|From:||Chow Loong J.|
|Sent on:||Thursday, October 27, 2011 10:57 AM|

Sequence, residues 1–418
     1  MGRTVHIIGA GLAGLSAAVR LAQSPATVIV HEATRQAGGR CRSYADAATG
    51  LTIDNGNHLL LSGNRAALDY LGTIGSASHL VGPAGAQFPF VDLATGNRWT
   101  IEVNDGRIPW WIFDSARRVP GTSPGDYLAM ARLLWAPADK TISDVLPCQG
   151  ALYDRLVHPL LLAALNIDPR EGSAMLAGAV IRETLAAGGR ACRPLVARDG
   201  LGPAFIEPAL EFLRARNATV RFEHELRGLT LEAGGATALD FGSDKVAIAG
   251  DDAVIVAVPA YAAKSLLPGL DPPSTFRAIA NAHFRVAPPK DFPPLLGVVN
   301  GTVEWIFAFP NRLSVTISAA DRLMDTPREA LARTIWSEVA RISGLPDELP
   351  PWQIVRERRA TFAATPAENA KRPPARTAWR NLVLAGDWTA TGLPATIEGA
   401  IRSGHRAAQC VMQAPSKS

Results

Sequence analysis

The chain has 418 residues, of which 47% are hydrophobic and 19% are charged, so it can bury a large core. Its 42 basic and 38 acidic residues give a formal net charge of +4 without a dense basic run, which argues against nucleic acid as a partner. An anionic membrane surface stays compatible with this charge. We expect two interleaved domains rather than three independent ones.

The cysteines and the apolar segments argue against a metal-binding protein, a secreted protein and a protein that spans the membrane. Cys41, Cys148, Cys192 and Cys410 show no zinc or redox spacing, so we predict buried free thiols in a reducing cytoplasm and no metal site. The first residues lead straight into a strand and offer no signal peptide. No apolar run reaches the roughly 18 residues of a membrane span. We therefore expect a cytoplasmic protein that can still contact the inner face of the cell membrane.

On 27/10/[masked]:57, Wong Boon Hong wrote: > So you guys always update your Linux server whenever a new patch is released > immediately and never encounter any problem? It's not that there aren't any problems. It's that when there are problems, it's usually quite possible to fix/workaround, especially if you know the tools you are using well enough. And even then problems are relatively few and far in-between. > Even Microsoft patches have been known to break down something in the past. > Thus, I will let others test the new patches first for a few weeks or even > months before I apply them just to ensure that any problem with these patches > would have been fixed by then. Applying a few patches at once will also help to > cut down on the number of downtime, especially when most patches insist on > rebooting your OS. On Linux, there aren't many patches that would require rebooting your OS. In fact, some of them that require rebooting can actually be handled by just restarting affected services, and many of these services, such as Apache, can be restarted with little to no downtime. On Ubuntu, these packages are usually listed in /var/run/reboot-required.pkgs. Of course, a kernel update would require a reboot, and that's particularly dangerous because if it was not tested properly, it could render your server unbootable. I know for a fact that Ubuntu and Debian have a "proposed" component of the archive where packages are staged, tested and verified to be working properly and regression-free before being copied to the "updates" section. I'd expect that other distributions have a similar QA process. > [...] -- Kind regards, Loong Jin
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